Asmat bowl

Asmat bowls are made softwood or  bark in the shape of a leaf sheaths of the sago palm or a large leaf.  However, by 1960, some artists began to carve bowls from hardwood.

The larger bowls are used to accommodate the daily meal of roasted sago dough. During festivals the larvae of the Capricorn beetle or sago worms are held in these containers.

Smaller bowls are almost exclusively used as an ink container. Either for the red pigment, which is obtained from red clay or for the white pigments obtained by crushing limestone. For the black pigment, the Asmat use black soot or a burnt piece of wood. Sago leaf bowls are made by folding the leaf lengthwise and decorating with a rattan edge with sewn tassels on the ends. Bark bowls are carved on the exterior side of the piece and painted mostly in relief.

Bowls made of solid soft wood are manufactured only in Central Asmat, the Casuarian coast to the south, and in Northwestern Asmat. The latter are attributed by their finer carving but are no less interesting of those dishes from the south.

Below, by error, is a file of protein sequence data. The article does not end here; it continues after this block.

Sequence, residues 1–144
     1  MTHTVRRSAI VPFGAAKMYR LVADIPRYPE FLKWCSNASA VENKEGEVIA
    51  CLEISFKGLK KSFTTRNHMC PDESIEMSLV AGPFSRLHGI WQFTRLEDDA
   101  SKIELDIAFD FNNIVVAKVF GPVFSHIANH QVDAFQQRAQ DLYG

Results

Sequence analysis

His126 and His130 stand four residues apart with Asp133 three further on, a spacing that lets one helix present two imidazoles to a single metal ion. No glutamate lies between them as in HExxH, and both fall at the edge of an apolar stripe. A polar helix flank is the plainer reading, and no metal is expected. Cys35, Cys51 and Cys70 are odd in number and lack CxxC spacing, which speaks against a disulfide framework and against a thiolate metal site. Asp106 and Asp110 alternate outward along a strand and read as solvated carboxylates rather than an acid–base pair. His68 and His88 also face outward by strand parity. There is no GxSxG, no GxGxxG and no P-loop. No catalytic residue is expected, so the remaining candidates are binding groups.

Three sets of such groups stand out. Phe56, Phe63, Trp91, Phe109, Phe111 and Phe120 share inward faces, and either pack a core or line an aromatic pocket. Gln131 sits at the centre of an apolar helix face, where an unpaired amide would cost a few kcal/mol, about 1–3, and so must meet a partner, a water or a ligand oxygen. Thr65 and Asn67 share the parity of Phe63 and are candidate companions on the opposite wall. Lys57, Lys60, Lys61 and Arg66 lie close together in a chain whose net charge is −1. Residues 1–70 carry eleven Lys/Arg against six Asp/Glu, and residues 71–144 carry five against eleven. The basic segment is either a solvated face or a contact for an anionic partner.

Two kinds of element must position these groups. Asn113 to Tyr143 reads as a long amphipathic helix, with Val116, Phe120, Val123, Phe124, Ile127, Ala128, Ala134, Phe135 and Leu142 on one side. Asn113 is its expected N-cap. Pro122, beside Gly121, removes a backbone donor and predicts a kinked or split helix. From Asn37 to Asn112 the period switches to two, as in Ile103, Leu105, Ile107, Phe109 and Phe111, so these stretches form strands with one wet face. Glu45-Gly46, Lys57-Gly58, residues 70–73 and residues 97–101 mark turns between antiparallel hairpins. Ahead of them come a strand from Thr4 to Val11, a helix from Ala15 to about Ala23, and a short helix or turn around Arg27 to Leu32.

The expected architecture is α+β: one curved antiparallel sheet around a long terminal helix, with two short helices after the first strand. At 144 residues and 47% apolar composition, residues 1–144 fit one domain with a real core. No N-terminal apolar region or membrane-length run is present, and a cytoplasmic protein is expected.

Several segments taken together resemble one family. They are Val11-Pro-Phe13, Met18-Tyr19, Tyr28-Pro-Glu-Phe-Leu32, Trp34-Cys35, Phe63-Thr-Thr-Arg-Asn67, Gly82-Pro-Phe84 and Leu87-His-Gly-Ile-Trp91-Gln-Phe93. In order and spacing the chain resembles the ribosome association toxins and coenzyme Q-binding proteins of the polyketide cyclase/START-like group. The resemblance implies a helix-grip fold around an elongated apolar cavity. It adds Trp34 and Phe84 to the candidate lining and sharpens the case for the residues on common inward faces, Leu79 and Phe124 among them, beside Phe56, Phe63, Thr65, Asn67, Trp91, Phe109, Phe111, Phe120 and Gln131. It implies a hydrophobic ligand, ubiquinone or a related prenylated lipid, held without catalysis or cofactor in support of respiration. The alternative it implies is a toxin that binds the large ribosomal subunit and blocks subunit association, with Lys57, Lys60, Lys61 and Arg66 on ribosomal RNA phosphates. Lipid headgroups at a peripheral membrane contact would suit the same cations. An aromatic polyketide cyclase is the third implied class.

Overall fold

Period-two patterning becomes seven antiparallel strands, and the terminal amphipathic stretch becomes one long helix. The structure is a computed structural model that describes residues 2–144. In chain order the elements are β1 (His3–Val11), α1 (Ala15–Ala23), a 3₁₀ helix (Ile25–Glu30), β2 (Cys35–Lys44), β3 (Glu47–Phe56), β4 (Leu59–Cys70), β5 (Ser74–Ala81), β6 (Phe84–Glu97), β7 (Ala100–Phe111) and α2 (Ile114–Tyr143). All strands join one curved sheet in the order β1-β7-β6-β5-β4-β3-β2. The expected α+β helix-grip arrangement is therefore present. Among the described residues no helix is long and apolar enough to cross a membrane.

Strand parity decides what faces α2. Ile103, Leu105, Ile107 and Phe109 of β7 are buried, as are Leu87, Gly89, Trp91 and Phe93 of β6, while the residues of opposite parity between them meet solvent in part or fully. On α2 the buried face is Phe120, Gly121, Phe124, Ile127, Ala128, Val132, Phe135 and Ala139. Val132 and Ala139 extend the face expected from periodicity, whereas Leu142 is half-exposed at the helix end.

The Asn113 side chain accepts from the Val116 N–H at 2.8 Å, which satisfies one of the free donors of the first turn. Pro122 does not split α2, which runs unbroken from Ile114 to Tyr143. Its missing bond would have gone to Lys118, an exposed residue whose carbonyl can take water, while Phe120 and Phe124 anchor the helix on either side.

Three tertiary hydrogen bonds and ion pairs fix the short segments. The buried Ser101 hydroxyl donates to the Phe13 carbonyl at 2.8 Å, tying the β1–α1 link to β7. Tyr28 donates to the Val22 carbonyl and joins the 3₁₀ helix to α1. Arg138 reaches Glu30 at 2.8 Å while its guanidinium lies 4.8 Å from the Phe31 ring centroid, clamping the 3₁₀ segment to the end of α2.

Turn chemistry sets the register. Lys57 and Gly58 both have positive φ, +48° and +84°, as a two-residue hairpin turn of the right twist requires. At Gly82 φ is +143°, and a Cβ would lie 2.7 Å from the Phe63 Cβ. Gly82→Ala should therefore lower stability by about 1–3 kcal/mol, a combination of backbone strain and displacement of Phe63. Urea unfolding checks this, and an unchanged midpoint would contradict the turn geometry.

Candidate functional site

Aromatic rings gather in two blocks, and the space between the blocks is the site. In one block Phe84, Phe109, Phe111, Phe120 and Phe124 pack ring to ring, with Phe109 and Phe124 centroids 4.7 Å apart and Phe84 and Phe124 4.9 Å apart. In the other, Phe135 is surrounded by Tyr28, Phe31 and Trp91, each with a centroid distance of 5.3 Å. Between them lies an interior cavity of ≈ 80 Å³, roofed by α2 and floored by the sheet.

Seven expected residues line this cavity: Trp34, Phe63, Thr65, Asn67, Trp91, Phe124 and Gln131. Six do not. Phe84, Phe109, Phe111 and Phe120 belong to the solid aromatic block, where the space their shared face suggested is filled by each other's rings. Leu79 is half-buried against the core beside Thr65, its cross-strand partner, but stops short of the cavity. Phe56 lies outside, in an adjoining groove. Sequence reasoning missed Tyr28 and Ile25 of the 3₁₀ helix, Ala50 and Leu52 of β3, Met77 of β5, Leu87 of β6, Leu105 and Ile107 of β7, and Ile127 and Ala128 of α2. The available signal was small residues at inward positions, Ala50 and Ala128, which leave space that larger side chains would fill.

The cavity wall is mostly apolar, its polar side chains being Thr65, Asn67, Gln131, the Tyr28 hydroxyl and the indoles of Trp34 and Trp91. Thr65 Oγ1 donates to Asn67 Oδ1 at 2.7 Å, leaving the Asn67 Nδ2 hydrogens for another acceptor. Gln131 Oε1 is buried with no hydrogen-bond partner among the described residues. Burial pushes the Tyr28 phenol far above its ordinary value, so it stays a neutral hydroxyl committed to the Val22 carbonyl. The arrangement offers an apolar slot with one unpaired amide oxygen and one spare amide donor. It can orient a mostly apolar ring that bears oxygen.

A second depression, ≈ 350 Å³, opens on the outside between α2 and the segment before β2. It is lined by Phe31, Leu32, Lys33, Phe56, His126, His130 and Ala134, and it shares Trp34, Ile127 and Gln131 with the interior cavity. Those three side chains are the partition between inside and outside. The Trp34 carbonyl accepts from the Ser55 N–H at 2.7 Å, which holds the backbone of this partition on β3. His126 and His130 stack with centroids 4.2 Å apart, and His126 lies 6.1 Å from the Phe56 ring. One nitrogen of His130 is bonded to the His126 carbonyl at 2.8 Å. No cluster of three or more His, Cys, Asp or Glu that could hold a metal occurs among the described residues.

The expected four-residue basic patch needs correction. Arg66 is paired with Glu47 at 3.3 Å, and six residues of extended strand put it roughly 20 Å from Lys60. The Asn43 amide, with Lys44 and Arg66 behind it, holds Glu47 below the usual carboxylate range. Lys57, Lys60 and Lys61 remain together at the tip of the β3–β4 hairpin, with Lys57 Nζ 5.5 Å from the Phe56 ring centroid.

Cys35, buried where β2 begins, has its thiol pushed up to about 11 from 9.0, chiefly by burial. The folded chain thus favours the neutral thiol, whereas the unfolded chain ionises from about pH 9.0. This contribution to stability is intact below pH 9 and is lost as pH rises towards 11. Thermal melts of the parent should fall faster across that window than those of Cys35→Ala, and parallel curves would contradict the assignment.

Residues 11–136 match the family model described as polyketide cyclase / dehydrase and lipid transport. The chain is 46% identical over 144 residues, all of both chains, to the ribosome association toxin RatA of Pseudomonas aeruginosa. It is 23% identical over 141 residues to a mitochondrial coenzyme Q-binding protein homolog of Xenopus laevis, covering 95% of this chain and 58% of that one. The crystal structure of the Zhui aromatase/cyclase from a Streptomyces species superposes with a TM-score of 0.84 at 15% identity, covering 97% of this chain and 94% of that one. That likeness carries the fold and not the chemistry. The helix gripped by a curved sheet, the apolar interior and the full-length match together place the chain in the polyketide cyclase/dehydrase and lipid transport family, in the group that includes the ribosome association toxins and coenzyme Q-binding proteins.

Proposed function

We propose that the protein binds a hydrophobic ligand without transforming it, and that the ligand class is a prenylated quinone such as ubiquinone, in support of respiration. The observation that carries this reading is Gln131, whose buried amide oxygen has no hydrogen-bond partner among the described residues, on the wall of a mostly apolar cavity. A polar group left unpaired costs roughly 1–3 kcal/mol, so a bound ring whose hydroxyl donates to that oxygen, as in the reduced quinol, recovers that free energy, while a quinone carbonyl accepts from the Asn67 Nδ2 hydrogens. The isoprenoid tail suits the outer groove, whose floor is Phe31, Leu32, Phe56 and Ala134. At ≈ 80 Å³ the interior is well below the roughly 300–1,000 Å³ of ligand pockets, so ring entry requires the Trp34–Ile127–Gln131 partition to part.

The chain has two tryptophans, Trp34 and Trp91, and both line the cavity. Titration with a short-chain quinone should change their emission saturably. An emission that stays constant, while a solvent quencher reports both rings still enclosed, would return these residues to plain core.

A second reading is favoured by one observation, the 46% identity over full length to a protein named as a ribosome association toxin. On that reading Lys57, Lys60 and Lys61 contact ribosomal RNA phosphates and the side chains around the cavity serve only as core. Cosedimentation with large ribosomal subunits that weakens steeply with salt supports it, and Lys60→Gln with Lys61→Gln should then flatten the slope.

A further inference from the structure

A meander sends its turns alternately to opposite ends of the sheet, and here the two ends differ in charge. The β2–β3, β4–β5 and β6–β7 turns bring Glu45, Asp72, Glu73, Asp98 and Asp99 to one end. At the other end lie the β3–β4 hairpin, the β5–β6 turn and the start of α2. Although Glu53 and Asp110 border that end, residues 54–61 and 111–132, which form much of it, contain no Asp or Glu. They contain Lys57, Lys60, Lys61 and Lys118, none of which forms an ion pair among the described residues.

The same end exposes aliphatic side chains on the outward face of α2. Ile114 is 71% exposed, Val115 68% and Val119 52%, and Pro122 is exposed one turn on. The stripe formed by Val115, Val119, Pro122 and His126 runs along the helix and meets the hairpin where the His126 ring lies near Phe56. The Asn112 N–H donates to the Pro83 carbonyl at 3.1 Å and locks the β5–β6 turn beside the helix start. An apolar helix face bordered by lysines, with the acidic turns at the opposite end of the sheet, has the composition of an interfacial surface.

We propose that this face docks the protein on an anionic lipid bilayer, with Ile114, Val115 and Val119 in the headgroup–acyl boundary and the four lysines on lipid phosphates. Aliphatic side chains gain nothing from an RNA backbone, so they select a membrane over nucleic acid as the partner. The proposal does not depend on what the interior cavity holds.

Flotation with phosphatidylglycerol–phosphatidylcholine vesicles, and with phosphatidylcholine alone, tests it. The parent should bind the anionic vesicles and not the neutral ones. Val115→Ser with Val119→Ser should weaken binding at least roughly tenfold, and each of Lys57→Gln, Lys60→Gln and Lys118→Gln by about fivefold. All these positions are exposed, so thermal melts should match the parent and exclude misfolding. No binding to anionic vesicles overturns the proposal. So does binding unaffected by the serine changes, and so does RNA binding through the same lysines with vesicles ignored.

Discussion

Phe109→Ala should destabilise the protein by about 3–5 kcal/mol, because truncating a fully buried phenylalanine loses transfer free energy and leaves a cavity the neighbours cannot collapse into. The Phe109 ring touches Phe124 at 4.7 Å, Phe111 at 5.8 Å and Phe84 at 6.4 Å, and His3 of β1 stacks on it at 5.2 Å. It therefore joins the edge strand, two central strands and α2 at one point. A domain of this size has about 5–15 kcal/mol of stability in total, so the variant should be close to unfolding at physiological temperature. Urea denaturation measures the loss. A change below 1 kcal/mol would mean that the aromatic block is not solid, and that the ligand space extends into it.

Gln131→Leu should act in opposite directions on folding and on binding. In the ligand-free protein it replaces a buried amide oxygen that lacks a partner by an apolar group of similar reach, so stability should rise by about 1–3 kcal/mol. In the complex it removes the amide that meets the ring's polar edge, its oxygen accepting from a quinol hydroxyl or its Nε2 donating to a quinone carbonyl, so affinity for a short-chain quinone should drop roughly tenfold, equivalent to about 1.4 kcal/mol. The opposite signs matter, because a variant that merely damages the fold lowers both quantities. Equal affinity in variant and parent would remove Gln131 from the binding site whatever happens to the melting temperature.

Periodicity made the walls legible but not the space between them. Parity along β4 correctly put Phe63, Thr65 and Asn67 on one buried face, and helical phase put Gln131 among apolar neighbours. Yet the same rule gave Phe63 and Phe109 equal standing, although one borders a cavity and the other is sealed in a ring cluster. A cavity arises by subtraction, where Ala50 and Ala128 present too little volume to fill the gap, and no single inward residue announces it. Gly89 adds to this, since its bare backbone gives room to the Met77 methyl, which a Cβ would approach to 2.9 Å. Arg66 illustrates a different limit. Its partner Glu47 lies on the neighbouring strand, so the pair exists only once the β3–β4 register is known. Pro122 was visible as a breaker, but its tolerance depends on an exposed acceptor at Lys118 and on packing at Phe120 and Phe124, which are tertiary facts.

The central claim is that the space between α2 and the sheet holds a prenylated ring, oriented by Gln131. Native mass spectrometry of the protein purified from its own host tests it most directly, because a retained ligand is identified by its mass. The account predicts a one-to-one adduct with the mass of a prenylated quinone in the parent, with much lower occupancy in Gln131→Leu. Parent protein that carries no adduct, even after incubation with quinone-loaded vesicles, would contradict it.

Elongated bowls from the Pacific Northwest are reminiscent of small canoes with carved prows. While the more oval bowls from Central Asmat are more representative of the human body.

The outside of the bowl is often completely in high relief with the same traditional symbols that are to be found on the battle shields. Traditional bowls have an ancestral head that faces the interior of the bowl, so the faces couls be seen during the consumption of food.

When these bowls are not in use they are placed on a rack with the face turned away. In the 1960s, the artists reversed head position so that when the bowl is in a hanging position,the ancestor looks out at the owner.  The bowl for foreigners is more of a decorative piece, instead of a functional one.

Sago leaf bowls of bark or wood are still widespread among the Asmat, although they are partly being replaced by Western products that are more durable and made of plastic or aluminum.